More often than not, Houston rappers are only too happy to wear their local influences on their sleeves: a drip of Lil’ Keke here, a drab of Scarface over there and, if they’re doing it right, a fine dusting of Pimp C sprinkled over the top. And Guilla is no different, even if he sounds nothing like your average “Houston rapper.” It’s just that his influences stretch a litter farther than the usual Southside suspects.
Like, all the way to NASA.
“I’ve been a sci-fi fan my whole life, and I’ve always been into space,” says the producer and MC, who saw plenty of planet Earth traveling from place to place growing up as the son of a military man. “I’m into metaphysics and esoteric thought and all that, so I wanted to drop a project that incorporated all that stuff.”
This week, that project left the launch pad. Guilla’s new album, Children of the Sun, is a love letter to the far-out imagination and heart imbued in spacey flicks like The Fifth Element — his number-one favorite. Even before you hit play, just the song titles alone, like “Super Novas,” “Saturn” and (duh) “Outer Space” let you know where you’re headed: a wider universe beyond the Rap, Trap, and Drums that defined Guilla’s last full-length effort.
The artist says that Children of the Sun was inspired in part by the steep trajectory of his career over the past couple of years, which has seen him rubbing elbows of late with some of the brightest stars in Houston’s broader constellation of musical talent.
“Before, I was hanging around a lot of rappers,” Guilla says. “You kind of learn to rap your ass off on everything that way. But then, I started hanging around a lot more songwriters and musicians, like Fat Tony, Kam Franklin, iLL-Faded, Catch Fever — a lot of actual musicians throughout the city. Over the last year and a half, I feel like they’ve influenced my direction more than anything else.”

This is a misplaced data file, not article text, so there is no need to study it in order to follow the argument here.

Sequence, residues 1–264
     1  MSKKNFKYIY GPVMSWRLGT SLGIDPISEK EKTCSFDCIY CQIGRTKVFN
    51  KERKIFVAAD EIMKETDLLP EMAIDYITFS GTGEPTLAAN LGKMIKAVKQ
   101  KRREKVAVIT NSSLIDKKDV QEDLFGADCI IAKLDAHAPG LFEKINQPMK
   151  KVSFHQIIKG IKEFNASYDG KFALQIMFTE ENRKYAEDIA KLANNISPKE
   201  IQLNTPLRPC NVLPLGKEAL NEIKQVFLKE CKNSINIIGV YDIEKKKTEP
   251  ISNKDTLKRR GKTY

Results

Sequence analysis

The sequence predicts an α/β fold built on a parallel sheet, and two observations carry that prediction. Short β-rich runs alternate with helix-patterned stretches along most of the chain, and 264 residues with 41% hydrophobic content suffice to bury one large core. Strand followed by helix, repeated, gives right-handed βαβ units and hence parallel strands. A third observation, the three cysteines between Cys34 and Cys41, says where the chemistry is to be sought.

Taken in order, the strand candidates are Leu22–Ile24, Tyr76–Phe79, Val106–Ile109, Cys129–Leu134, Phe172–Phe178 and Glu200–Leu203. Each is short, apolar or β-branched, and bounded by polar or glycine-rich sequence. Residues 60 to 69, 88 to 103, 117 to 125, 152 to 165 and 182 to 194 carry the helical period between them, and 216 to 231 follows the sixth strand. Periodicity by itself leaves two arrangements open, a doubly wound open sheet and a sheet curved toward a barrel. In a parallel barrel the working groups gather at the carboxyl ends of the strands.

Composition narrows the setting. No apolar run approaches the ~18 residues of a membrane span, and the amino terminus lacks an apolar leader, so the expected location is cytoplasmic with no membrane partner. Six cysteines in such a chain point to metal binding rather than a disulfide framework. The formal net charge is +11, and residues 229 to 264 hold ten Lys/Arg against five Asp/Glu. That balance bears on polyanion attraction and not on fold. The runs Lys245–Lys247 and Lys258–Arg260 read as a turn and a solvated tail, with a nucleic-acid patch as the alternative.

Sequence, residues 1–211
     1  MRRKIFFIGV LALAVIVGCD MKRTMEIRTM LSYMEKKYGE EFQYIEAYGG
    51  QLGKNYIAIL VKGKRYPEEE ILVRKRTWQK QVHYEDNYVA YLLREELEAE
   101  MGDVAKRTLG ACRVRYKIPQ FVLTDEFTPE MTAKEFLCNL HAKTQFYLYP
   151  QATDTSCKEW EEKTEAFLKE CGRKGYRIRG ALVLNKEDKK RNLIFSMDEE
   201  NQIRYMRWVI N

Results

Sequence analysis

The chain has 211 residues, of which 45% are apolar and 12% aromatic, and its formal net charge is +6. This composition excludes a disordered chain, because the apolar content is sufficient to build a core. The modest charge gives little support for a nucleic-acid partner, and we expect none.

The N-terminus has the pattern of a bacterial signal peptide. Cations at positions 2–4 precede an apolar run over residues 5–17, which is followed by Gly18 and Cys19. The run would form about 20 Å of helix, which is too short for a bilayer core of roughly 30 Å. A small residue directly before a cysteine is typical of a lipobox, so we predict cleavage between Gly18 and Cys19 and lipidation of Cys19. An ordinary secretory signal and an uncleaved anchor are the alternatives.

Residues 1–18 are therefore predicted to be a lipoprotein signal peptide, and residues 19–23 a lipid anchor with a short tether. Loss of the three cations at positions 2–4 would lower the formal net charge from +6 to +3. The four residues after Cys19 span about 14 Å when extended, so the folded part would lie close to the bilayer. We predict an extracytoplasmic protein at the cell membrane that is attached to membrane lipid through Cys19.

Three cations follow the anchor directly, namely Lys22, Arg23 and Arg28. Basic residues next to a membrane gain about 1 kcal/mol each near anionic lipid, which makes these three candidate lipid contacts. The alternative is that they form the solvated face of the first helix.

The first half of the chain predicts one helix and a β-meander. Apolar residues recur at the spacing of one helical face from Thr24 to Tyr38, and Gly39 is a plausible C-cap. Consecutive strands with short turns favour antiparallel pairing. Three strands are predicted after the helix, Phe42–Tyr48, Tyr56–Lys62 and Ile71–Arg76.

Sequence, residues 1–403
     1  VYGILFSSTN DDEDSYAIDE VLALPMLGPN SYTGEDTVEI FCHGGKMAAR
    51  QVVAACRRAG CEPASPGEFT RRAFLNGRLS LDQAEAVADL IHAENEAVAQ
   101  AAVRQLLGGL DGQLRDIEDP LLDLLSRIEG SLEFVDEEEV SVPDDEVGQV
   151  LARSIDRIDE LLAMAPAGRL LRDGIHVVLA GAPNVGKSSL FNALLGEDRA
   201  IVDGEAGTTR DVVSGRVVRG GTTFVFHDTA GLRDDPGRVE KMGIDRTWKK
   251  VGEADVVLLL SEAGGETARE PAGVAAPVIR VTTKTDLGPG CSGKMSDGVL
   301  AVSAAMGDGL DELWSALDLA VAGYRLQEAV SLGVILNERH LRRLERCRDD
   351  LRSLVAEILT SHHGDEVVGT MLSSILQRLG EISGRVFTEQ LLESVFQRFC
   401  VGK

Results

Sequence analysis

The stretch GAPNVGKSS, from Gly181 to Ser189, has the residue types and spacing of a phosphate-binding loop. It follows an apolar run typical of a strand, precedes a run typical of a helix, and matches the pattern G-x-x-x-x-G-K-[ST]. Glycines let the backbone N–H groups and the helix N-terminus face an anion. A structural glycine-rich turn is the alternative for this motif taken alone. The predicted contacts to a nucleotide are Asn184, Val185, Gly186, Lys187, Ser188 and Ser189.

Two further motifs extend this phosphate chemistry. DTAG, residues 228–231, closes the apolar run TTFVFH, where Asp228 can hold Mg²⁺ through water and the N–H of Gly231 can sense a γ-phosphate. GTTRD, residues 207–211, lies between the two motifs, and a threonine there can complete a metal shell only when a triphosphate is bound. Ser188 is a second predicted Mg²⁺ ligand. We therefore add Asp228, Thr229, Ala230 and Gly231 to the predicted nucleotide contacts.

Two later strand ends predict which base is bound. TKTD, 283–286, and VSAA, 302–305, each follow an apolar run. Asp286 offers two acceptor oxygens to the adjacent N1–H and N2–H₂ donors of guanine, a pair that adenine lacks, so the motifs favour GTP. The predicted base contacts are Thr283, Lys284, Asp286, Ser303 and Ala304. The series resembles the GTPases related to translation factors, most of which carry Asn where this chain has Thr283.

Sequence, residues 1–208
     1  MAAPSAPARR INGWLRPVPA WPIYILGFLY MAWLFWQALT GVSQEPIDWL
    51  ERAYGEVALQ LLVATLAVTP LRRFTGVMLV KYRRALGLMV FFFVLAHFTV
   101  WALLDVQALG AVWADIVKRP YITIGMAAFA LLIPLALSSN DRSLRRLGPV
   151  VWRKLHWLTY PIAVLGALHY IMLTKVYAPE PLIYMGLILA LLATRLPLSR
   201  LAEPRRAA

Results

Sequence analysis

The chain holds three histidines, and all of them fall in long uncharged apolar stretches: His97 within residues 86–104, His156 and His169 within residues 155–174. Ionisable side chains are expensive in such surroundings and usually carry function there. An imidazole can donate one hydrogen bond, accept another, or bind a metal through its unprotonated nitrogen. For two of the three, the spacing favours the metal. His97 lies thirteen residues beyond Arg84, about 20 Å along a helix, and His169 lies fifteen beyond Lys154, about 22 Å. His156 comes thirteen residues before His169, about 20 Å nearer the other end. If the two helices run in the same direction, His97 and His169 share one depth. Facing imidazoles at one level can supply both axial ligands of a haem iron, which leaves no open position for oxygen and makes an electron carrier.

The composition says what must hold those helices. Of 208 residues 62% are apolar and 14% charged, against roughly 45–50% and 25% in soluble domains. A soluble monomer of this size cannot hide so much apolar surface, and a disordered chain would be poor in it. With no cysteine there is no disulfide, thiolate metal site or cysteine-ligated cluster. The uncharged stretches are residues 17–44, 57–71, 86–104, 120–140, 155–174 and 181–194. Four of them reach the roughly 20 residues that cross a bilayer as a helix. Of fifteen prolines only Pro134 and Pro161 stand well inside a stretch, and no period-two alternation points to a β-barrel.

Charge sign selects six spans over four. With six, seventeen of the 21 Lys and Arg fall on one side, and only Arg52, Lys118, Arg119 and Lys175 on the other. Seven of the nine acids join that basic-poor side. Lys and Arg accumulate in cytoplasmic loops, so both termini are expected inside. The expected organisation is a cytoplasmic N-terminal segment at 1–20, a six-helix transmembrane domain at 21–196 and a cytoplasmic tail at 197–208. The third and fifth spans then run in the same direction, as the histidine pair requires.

To be sure, Children of the Sun is a very personal project for Guilla; he wrote and produced the whole record himself. But the fingerprints of some of those folks he mentions are all over it, too. The ladies of “soul folk” trio Say Girl Say brighten up the hook on “Super Novas,” while the Suffers’ Kam Franklin smooths out the frenetic drums of “Cosmic Heartbeat.” Houston Grand Opera soprano Alicia Gianni lends an ethereal glow to the lyrical “Death of Tomoe.”
Basically, every tune on Children of the Sun sounds like it belongs to a different genre of music. And that’s exactly what Guilla was going for.
“There are different influences throughout the whole project,” he says. “I have a Spanish guitar on one song. I have a breakbeat song on there; I have a trap track on there. It’s not about the genre, it’s about the feel. It’s about the vibe that you’re in my head, that you’re in outer space.”
While the eclectic nature of Children of the Sun may make it seem as though Guilla is branching out a bit from his musical roots, it would be more apt to say that he’s exploring his deepest roots more fully. The MC grew up in a very musical household: his father was a DJ; his mother is an opera singer. He was exposed to a great breadth of sounds during his formative years. Much of what stuck involved the juxtaposition of modern beats and production work with more traditional — even ancient — musical modes.
“My dad had this Pure Moods CD when I was a kid,” Guilla says. “It was like New Age music, but it had bad-ass beats behind it. I remember as a kid being obsessed with that, wondering, ‘What the hell is this? Why is some Indian dude chanting Native American chants with a cool beat behind it? This is fire!’ I remember having that CD on repeat as a kid, and then eventually getting all of them.”
Bjork soon become another musical touchstone, not to mention the alien opera scene in The Fifth Element. Even as his appreciation for dope beats and slick rhymes deepened, Guilla remained attracted to the fearlessly sublime strangeness of those sonic expressions that touched him as a child.
“Musicians, and not just in hip-hop, will corner themselves to a little market, a little niche,” he says. “If they go outside of that, they think that they’re doing something corny, or think, ‘Oh, I’ve got to do something that everyone else is doing.’ They’re afraid to even go with their gut feeling. My approach—not that there’s a right or wrong, because it’s all philosophical—is just to go with what feels good.
“I hope that there’s a clear, distinct message in the project that it’s ok to have free thought,” he adds. “It’s OK to use your creativity.”
Guilla gives fans their first taste of Children of the Sun this Saturday at his record release show at Raven Tower. Bizzythowed, Kyle Hubbard, Mojave Red, iLL-Faded and Mark Drew will appear in support. Doors open at 6 p.m. Free.
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